Carol Shea-Porter is Marching, Marching to Shibboleth

[Classical reference sung here.]

My current CongressCritter and perpetual toothache, Carol Shea-Porter (D-NH01) has only a few peevish months left before she (voluntarily, this time) gives up her seat. In the past, she favored her constituents with an occasional "Carol's Column" for local op-ed pages. They were (frankly) hilarious, and I occasionally "fisked" them. Samples: here, here, here, here, here, here, here, here, and here.

That was back in 2013, though. During her current term in office, she's been much more reticent, mainly preferring the drive-by thought-free style of Twitter.

But the whole gun thing drew her out. Her latest: "Marching (and legislating) for our lives".

So: another fisking. I am reproducing her entire column here, on the (appropriate) left, with a lovely #EEFFFF background color; my comments are on the right.

Five years ago, a gunman shot and killed 20 little children and six adults at Sandy Hook Elementary School. I am still praying for the families of those sweet six- and seven-year-olds, who should be happy sixth graders right now. Whenever I see or hear their family members talk about how their hearts still break, mine does also. It’s a pain that I cannot imagine and that they should not have to bear. CSP takes a brave stand against little-kid murder. She has feelings about it. We all do.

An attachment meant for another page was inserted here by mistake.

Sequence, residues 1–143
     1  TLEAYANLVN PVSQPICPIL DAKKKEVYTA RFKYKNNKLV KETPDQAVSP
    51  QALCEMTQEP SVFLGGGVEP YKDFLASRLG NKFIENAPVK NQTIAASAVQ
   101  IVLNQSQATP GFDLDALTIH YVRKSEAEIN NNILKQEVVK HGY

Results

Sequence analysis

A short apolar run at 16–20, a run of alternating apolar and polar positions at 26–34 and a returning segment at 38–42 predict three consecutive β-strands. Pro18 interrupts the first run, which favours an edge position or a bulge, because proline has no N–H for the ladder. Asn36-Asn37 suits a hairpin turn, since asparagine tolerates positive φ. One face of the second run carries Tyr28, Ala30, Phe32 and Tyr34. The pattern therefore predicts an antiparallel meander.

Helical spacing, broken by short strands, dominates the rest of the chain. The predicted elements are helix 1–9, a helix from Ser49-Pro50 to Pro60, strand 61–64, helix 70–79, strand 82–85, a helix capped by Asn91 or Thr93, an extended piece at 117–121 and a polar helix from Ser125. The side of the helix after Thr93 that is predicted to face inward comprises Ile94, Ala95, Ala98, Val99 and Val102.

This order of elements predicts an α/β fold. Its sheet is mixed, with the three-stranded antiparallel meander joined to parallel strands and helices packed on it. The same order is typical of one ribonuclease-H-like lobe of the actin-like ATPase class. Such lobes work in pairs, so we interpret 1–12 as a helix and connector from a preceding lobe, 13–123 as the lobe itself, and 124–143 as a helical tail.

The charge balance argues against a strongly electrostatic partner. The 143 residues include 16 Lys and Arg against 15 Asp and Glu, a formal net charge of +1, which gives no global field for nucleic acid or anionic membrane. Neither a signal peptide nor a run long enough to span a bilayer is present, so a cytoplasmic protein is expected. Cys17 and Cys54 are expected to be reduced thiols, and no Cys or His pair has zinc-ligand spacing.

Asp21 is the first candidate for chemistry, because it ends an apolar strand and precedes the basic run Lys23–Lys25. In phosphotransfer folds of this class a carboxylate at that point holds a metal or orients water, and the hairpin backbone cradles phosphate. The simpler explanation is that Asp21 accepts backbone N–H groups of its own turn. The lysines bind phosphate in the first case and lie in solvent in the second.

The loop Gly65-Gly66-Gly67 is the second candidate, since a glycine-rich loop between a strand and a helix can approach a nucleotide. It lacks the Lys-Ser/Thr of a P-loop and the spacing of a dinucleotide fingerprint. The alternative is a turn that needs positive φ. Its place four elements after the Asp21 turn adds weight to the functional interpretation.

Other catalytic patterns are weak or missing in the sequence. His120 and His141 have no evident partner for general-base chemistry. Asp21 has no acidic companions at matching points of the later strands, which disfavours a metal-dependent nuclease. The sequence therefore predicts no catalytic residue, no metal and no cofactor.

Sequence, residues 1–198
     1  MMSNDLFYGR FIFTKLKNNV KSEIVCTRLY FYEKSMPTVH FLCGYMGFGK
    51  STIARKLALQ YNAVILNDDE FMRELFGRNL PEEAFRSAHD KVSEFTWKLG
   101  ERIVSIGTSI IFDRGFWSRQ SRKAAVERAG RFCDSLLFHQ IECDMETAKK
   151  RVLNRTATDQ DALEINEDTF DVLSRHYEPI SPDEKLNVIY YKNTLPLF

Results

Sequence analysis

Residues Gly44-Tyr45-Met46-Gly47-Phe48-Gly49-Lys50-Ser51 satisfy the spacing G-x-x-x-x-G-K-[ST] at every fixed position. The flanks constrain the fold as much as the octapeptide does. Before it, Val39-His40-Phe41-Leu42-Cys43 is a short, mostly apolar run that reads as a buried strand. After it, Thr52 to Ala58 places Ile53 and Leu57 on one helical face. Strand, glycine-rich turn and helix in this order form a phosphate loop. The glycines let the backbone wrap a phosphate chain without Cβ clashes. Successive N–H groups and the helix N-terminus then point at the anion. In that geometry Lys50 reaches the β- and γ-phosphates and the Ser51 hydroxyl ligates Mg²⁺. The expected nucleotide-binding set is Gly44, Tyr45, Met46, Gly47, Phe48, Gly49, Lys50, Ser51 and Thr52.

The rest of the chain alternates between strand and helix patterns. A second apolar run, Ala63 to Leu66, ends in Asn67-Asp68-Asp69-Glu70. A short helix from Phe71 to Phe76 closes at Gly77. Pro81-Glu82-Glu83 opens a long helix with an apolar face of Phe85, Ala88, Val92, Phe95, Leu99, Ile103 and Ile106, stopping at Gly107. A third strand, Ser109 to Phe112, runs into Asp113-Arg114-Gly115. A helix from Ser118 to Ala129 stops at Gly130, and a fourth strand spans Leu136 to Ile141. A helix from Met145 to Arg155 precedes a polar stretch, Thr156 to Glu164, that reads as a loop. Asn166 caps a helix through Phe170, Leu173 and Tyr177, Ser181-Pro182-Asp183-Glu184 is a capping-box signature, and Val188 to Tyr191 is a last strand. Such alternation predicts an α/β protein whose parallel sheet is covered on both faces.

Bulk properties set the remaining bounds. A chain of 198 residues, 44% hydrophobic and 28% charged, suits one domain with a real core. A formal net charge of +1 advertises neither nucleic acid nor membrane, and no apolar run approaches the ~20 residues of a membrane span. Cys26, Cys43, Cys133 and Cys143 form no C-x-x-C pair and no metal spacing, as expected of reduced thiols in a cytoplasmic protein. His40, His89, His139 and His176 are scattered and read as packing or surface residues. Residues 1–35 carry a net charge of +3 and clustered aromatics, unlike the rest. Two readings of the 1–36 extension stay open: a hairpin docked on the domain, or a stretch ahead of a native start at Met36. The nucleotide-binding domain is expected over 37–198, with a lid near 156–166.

Do her feelings give her any special insight into the issue? No.

Since Sandy Hook, parents and communities across the country have organized to advocate for safer gun laws. They have not been able to break the grip of the NRA on Congress, and the slaughter has continued. In 2016, Democrats in the House of Representatives sat on the floor of Congress for 25 hours, trying to force Speaker Ryan to allow a vote on legislation to prevent terrorism suspects who are barred from flying from purchasing a firearm. The only result of that was Speaker Ryan threatened to sanction the Democrats for sitting on the floor. CSP refers to a childish election-year stunt that failed to get a vote on a terrible idea: disallowing gun sales to people in (or who have the same name as someone in) the "Terrorism Screening Database". Which is a glamorous name for a list compiled by anonymous government officials, to which someone can be added without notice, from which it takes onerous steps to be removed.

It was not only the NRA who had problems with this stupid, probably unconstitutional, scheme; so did the ACLU.

But as for CSP's contention that "the slaughter has continued": any look at the numbers will tell you otherwise. See, for example, this New York magazine "Daily Intelligencer" article with the headline: "There Is No ‘Epidemic of Mass School Shootings’." (Otherwise, note, the article comes from a very much anti-gun perspective; they simply can't go along with hysterical propaganda when it's contradicted by the facts.)